Reference Texts:
"Arguing about Science" Bird and Ladyman (2012)
"Genetic Epistemology" Piaget (1971)
"The Structure of Scientific Revolutions" Kuhn (1962)
"Philosophy and the Mirror of Nature" Rorty (1979)

PhilipOSopher
 
  1  
Reply Wed 3 Dec, 2014 03:33 am
@fresco,
I've never read Rorty, but I'd be interested to know in what way(s) he rejects metaphysics concerning what is as futile. Could we say then that scientists are more pragmatists in that they avoid questioning (unlike some philosophers) whether there is some kind of reality beyond empirical experience, as ultimately their whole discipline is centred on empirical data and evidence? I'm not sure if that perspective is slightly dismissive and/or dogmatic though, I'd probably need to know Rorty's reasoning first!
fresco
 
  2  
Reply Wed 3 Dec, 2014 05:52 am
@PhilipOSopher,
You need to understand the move of philosophers away from analysis per se, to the tools of analysis i.e.language, together with the active role of language in constructing a world rather than representing it. Rorty blames our pre-occuption with the Greek emphasis on the metaphor of "vision" as the unjustified substrate for epistemology. He cites phenomenologists such as Heidegger who drew the focus away from an externally observed independent world to an internalised selective process of construction which he called "caring", mediated by the bounds of social language. Simplistically, there are no " things in themselves" because "thing-hood" depends on "what matters" to an individual within a societal context.

As far as scientists are concerned, you might try substituting mathematics for language in the above for a general idea of the "reality neutral" position.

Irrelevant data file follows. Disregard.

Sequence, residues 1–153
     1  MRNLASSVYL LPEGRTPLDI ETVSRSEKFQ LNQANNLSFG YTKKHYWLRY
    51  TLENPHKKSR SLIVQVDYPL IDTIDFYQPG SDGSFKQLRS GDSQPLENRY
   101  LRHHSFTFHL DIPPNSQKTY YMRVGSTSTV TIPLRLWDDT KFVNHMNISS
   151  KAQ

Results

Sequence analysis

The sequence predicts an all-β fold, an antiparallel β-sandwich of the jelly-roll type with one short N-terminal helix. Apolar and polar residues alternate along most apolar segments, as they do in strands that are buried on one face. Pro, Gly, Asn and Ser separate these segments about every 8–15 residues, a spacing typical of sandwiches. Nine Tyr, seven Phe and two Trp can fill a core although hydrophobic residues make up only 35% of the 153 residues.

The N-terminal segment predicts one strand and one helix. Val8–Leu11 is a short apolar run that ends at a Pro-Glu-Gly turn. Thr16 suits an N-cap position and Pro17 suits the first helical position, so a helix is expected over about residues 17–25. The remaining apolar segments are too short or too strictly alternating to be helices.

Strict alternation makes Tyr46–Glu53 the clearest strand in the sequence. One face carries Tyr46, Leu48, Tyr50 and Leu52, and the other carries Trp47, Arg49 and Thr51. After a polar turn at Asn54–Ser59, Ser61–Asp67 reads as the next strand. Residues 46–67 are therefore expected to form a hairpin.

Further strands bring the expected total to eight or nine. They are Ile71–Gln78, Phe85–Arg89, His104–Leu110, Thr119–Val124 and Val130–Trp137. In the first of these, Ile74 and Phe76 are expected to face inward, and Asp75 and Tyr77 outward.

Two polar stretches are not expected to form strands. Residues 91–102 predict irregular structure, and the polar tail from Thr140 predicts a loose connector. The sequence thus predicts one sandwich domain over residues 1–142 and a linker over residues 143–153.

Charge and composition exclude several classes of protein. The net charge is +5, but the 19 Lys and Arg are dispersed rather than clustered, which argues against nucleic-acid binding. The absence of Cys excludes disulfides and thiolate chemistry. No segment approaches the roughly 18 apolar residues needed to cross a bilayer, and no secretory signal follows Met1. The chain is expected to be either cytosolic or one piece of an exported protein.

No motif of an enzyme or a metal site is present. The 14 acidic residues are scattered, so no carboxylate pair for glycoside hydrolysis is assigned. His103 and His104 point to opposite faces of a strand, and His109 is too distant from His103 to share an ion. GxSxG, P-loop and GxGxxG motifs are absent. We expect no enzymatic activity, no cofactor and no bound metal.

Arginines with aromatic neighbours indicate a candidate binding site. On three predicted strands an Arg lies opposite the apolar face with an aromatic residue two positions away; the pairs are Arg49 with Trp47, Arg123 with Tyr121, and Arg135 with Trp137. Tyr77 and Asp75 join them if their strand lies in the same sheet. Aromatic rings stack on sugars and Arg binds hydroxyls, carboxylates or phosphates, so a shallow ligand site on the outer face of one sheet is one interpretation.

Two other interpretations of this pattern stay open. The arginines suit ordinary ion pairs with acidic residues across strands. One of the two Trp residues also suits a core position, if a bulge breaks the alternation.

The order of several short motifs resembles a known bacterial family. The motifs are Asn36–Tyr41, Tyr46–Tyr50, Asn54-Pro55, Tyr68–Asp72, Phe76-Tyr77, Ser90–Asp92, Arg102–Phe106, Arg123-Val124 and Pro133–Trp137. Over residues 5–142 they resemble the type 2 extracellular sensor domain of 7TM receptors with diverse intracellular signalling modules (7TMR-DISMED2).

JLNobody
 
  1  
Reply Wed 3 Dec, 2014 09:53 am
@fresco,
We might add that our concern should be with the construction of meaning per se. We do not know a reality "out there", we socially construct (i.e., generate and maintain) our reality "in here"- -and, of course, that dualism reflects our conceptual distinction between objective and subjective phenomena.
BTW, in the U.S. the vision metaphor is reflected most often in our use of "outlook" and "insight".
fresco
 
  1  
Reply Wed 3 Dec, 2014 10:07 am
@JLNobody,
Yes. The metaphor is ubiquitous.
Overview.....seeing the point....having a view on....giving an outline....
Vision entails the concept of a subject-object separation.
0 Replies
 
Frank Apisa
 
  1  
Reply Wed 3 Dec, 2014 11:36 am
Whatever the REALITY actually IS...it IS...despite all the laughable guesses some of the people here will make about it.
fresco
 
  1  
Reply Wed 3 Dec, 2014 12:12 pm
http://s26.postimg.org/8biat1k8l/stock_illustration_13511233_sheep_cartoon.jpg
0 Replies
 
Frank Apisa
 
  1  
Reply Wed 3 Dec, 2014 01:03 pm
http://www.irwincorey.org/images/clrpic.jpg
0 Replies
 
JLNobody
 
  1  
Reply Thu 4 Dec, 2014 08:00 pm
@Frank Apisa,
When referring to "reality", I often say ULTIMATE reality. Otherwise we tend to think that "reality" is some kind of specific thing out there that IS apart from the activities by which we conjure the impression and assumption (including "laughable guesses") of its existence.
fresco
 
  1  
Reply Fri 5 Dec, 2014 01:33 am
@JLNobody,
My understanding of the concept of "ultimate reality" is that it is an ineffable state which recognizes the role of what we call "language" in facilitating cognitive processes and social interactions within and between what we call "humans" . That transcendent position therefore allows for the possibility that all we call "life" (which others have said is synonymous with "general cognition" itself) constitutes an inextricable whole, in which segmentation via language is relatively artificial and superficial. That linguistic segmentation ( aka languaging) which equates "existence " with "is-ness" completely fails to reflect the transient functional nature of "is-ness".

The main point about the concept of "ultimate reality" therefore is that "is-ness" cannot be applied to it!
In dialectical terms, it might be described as the synthesis of the thesis "is-ness" with its antithesis "is-not-ness" and that synthesis, is the essence of ineffablity.
0 Replies
 
Frank Apisa
 
  1  
Reply Fri 5 Dec, 2014 06:58 am
@JLNobody,
JLNobody wrote:

When referring to "reality", I often say ULTIMATE reality. Otherwise we tend to think that "reality" is some kind of specific thing out there that IS apart from the activities by which we conjure the impression and assumption (including "laughable guesses") of its existence.